I agree that it's important for people to know who's funding local campaigns. That's why in 2018 I introduced a charter amendment to add an additional campaign finance reporting period for municipal candidates in Portland.
But back to those "Who Funded Your Candidate?" posts. Like I said, I think they're a great idea, and for the most part, they're very well done. But I do have a small problem with them...which is actually kind of a big problem.
In these posts, the intent is wonderful, as is the layout. The intent is to inform the public. That's always a good thing. And the layout is intuitive and easy to read. Bonus! (And kudos to Joey for his data and design skills.) But the labels? Like most labels, they're misleading. Here are a few examples.
Example #1: Victoria Morales
My good friend Victoria, who I met playing ultimate frisbee about a bajillion years ago, has been labeled as a "Real Estate Developer." The fine print at the bottom of the blog post indicates why she's earned this label:
"Victoria Morales is the Executive Director of the Quality Housing Coalition, a 501c3 non-profit and private housing industry advocacy organization funded by Tom Watson (owner of Port Property Management) and Brit Vitalius (owner of Vitalius Reality and head of the Southern Maine Landlords Association)."
First, I want to point out that this explanation misses the mark in terms of what Quality Housing Coalition does. QHC is all about providing affordable housing for folks who have trouble obtaining it. On their Facebook page, you'll find the following information:
QHC is "dedicated to creating and supporting quality housing opportunities through philanthropy, education, and policy work in Portland, Maine."
The primary aim of QHC's Project HOME is "to house families and individuals who formerly experienced homelessness."
QHC partners with Greater Portland Family Promise, McAuley Residence, Hope Acts, and the City of Portland Family Shelter.
QHC works "to promote housing policy that results in the creation of more workforce and low income housing."
But let's admit it. "Real Estate Developer" has a certain connotation these days, and QHC—and Victoria—don't exactly fit with that.
Especially since Victoria is also a:
- State Representative for South Portland;
- co-founder of Maine Youth Court;
- coach of multiple youth sports teams;
- regular volunteer in her community;
- person who cares deeply about equity and justice and has worked for both for her entire life...
The Watson-Vitalius Connection
There's a second problem with Victoria's label. It seems the real reason Victoria was given the label is her association with Tom Watson and Brit Vitalius. Both Watson and Vitalius—people who really do make their money developing real estate—are among the philanthropists funding QHC's work. And because their names are associated with QHC, certain assumptions have been made. About QHC. About Victoria. And about Watson and Vitalius.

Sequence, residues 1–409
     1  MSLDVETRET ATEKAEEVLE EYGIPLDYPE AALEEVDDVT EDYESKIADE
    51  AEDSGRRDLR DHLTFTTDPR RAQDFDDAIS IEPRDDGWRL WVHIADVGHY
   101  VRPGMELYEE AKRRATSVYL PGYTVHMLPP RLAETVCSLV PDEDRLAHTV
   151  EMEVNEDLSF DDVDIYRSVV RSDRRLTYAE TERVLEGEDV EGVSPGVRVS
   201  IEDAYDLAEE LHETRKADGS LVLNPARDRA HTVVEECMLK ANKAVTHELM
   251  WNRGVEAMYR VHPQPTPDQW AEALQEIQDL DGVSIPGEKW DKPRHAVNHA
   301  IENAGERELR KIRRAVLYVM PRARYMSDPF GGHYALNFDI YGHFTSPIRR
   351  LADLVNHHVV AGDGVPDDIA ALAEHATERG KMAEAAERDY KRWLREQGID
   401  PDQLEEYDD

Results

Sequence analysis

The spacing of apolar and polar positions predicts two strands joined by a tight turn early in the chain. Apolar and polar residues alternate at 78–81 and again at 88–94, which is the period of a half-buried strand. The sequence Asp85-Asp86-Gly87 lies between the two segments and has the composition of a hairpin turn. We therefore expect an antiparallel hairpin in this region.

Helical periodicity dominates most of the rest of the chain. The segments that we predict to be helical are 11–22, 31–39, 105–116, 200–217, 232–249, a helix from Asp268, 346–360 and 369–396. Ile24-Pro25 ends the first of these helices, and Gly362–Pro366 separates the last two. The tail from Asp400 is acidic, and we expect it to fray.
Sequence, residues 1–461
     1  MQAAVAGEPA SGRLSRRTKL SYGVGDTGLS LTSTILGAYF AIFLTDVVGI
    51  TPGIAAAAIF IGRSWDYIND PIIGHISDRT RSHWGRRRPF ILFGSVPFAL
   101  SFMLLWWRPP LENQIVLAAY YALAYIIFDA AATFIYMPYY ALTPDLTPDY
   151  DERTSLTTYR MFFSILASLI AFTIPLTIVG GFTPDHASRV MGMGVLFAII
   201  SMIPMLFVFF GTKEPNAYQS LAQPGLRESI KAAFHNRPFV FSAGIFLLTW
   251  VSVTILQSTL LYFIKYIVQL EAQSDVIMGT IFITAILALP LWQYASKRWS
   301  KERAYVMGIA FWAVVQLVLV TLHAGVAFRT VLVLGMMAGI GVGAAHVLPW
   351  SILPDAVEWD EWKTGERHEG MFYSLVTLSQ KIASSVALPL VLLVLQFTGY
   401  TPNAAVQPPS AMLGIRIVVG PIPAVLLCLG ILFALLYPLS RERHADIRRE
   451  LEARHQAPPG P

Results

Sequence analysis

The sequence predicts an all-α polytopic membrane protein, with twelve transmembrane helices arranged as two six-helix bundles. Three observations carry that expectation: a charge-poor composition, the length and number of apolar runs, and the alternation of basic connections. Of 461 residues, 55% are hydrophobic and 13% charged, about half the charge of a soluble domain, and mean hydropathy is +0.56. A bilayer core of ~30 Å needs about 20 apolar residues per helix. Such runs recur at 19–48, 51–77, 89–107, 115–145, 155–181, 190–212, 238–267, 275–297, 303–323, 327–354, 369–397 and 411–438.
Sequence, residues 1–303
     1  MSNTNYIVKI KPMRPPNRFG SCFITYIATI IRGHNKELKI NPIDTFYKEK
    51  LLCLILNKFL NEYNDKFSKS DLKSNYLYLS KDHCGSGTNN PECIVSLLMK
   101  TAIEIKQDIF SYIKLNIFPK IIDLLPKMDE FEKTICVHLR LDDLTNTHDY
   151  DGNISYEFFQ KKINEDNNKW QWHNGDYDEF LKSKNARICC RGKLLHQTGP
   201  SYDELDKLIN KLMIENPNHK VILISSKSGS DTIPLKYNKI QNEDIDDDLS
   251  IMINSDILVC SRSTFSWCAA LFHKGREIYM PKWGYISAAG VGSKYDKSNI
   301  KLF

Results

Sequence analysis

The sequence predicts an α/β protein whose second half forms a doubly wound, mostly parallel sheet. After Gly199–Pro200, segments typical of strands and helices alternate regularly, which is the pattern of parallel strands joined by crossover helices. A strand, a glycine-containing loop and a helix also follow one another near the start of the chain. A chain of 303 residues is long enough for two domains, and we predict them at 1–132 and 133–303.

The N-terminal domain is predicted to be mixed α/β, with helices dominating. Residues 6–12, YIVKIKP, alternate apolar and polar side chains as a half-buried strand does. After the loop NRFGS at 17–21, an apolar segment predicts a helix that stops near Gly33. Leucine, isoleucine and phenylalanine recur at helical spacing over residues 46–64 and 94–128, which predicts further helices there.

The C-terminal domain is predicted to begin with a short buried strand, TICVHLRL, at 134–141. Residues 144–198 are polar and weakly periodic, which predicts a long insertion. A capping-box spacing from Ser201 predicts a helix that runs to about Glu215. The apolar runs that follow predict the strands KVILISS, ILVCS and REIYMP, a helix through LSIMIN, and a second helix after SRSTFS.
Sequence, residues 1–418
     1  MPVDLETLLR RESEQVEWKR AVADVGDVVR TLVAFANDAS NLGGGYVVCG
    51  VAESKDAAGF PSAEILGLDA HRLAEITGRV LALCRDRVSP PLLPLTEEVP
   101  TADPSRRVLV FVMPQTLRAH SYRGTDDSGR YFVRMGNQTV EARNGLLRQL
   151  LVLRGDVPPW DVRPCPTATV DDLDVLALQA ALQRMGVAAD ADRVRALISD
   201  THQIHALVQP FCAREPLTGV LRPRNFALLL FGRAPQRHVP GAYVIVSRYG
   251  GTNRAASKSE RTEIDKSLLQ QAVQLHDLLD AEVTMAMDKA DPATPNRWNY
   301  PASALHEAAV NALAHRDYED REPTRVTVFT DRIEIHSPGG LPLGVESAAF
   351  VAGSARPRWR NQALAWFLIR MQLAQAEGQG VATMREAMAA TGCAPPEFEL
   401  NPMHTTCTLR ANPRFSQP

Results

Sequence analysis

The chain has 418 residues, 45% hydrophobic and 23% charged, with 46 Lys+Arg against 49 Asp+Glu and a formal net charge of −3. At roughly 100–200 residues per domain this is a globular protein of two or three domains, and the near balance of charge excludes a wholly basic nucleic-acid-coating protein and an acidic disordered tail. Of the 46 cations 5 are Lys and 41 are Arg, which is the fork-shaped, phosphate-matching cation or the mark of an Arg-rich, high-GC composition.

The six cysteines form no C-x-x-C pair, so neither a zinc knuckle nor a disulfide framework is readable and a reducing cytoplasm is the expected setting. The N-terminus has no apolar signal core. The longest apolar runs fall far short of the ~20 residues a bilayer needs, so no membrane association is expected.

This is highly problematic. Because in making assumptions about the nonprofit based on its two major funders, a double disservice has been done. The nonprofit has been misunderstood, and two people involved with the nonprofit (Watson and Vitalius) have been minimized for their real estate development backgrounds instead of acknowledged for their philanthropy.
The footnote about Victoria misses the real story here: Watson and Vitalius, who are as aware as anyone of Portland's affordability challenges, have chosen to become part of the solution. They are helping to fund a nonprofit that works to provide quality housing for folks who are having difficulty finding it.
So, the labels? As I said before: they're misleading.
Here's another example.
Example #2: Kim Cook
Kim Cook, a.k.a., Councilor Cook, is labeled as a lobbyist—which is indeed what she does for a living. But there are two problems with the label.
First, it's prejudicial. To simply call Kim a lobbyist without context invokes all of the worst connotations of the word without providing a fuller picture of Kim and her work.
The second problem with Kim being labeled as a lobbyist relative to my 2018 re-election campaign is that she doesn't lobby me. Kim's work as a lobbyist happens in Augusta where she advocates for her clients. Not here in Portland. So...lobbyist, shmobbyist. It isn't any more relevant than the fact that my mom is retired.
That's a danger we face anytime we choose to neatly package a person into categories, whether the category has to do with gender, race, religion, occupation, or any number of identifying factors that serve, yes, to define people, but also to limit them. And as Sidin Vadukut writes so eloquently, labels of this sort, "have a tendency to contaminate conversations even before they have taken place."
And that, my friends, is one of the biggest problems facing our democracy today: too many labels, too much finger-pointing, and not enough civil civic dialogue.
By the way, you can find the complete campaign finance reports for all municipal candidates on the City's website, here. (Joey's presentation and graphics are better, but the city's reports include loans, in-kind donations, and expenditures in addition to contributions.)